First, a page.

Most of the ideas in ‘PlanEAT’ have been around the block for a while – and this initiative is essentially a rebranding of what scientists have known for many years. However the environmental arguments for ‘plant-based’ eating are compelling: Developing countries like China and India are growing in wealth; and with this increasing affluence so traditional diets are becoming replaced with meat-based ‘Western’ ones. Producer Shelly Davies argues that we Westerners must act now, setting a moral and ethical precedent by stopping eating so many meat-based meals.

Sway-Backed Charolais Bull
A load of old Bull? Become a vegetarian or the cow gets it…
I did try to be a vegan once. Six months without meat, milk or dairy products left me feeling constantly lacking in energy – and I won’t mention what all that fruit and veg did to my ‘gas’ emissions!

I’m sure I wasn’t doing it right but could our culture really change? Would we really want to?

The magazine GOOD (A periodical dedicated to ‘social causes’) advocates vegetarianism and veganism. Paul McCartney is the pin-up boy for Meat Free Mondays, and with Facebook’s CEO Mark Zuckerberg promising to only eat the meat he kills – so perhaps society’s attitudes really are changing.


No, let’s get real – so many of us love eating meat and dairy products that it’s going to take a tectonic shift in thinking before people give them up. Just imagine – no steaks, fish, milk, ice cream or milk chocolate. I think I might cry… (although in fairness ‘PlanEat’ have provided lots of imaginative substitute recipes)

Mmm, I just wonder whether the solution could be to use our diets like carbon-offsetting: If I don’t take a car journey today can I have a steak for dinner please?

Thanks for reading – your comments and feedback are warmly welcomed!


Disclaimer: It is strongly advised to seek advice from a qualified nutritionist or health professional before making dramatic dietary changes, especially for children and pregnant.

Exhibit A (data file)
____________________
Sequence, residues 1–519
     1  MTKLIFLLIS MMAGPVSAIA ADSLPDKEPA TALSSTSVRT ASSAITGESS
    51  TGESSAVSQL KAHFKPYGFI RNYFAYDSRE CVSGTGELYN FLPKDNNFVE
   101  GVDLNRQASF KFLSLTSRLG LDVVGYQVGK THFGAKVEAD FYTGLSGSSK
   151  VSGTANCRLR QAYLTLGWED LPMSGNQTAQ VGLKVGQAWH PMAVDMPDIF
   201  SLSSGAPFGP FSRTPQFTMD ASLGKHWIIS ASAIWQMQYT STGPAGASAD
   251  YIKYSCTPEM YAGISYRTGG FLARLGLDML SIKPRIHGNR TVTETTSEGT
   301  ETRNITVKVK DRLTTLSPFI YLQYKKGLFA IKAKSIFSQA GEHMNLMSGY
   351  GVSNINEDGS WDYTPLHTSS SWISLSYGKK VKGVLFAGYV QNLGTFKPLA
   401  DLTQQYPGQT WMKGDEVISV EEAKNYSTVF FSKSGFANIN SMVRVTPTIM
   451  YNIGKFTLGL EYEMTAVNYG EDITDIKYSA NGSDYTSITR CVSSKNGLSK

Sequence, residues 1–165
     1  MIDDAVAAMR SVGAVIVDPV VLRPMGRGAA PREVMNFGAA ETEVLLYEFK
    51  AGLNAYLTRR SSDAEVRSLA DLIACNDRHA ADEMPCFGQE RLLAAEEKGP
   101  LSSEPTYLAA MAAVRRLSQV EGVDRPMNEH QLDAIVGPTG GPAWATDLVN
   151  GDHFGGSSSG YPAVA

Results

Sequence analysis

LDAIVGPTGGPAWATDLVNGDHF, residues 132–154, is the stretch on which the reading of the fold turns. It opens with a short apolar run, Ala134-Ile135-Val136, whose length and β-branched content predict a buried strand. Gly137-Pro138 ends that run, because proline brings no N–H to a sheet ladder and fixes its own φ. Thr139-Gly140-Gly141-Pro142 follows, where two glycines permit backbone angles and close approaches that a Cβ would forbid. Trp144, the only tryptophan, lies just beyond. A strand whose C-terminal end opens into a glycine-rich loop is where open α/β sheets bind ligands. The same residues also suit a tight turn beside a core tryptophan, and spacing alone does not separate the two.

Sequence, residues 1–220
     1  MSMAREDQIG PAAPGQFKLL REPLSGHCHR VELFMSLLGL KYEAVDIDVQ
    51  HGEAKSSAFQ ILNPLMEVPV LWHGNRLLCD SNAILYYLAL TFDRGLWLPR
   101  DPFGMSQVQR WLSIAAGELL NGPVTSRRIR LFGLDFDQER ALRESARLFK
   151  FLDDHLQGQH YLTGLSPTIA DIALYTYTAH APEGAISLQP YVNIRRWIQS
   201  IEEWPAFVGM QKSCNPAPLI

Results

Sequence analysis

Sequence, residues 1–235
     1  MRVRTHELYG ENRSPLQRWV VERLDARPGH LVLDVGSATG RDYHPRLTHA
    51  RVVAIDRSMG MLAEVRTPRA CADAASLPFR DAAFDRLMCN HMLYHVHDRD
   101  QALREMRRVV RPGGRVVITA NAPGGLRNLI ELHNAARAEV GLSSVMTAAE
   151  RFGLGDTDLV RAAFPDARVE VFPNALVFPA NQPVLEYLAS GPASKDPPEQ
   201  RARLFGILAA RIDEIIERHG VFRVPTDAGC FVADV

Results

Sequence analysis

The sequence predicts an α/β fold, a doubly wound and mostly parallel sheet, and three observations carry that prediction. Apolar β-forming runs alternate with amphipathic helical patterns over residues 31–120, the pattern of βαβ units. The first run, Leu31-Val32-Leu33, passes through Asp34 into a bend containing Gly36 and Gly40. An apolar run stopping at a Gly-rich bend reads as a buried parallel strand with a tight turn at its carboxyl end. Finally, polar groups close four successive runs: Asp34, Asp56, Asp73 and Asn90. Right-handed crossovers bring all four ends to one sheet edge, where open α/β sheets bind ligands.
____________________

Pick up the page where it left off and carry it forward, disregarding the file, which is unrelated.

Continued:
Related Articles:

Has the ‘Five-a-Day’ Scheme made any difference?

Wind Turbines – Do we really think they’re ugly?

How to Survive Global Warming (possibly)

Read More:

Visit the PlanEAT website

Advice on a healthy vegan diet (NHS)

Calculate the carbon footprint of your lifestyle (Carbon Independent)

Abigail Wick argues the case against veganism


Gidon Eshel and Pamela A. Marti (2006). Diet, Energy and Global Warming Earth Interactions, 10 (9), 1-17 DOI: 10.1175/EI167.1

Campbell TC, Parpia B, & Chen J (1998). Diet, lifestyle, and the etiology of coronary artery disease: the Cornell China study. The American journal of cardiology, 82 (10B) PMID: 9860369

Fengxia Dong & Frank H. Fuller (2007). Changing Diets in China’s Cities: Empirical Fact or Urban Legend? Center for Agricultural and Rural Development at Iowa State University.

5 responses to “Save the Planet by… Becoming a Vegan! Do I really have to?”

  1. Except for my clothes I’m a vegan. I have a lot of energy, enough for hours-long bike rides in the local foothills and mountains every day. Being a vegan doesn’t inherently cut energy levels.

    • Thanks Scott!
      Yes, you’re right it doesn’t. I didn’t do it properly – not enough carbohydrates (e.g. wholegrains) and fats, and so was tired a lot of the time.
      Do you find it difficult to get a balanced diet with enough nutrients (e.g. iron, B12, etc)?

    • Selfishness is the cause of the world’s destruction. That, and a lack of ability to cook delicious meals without flesh of dead animals.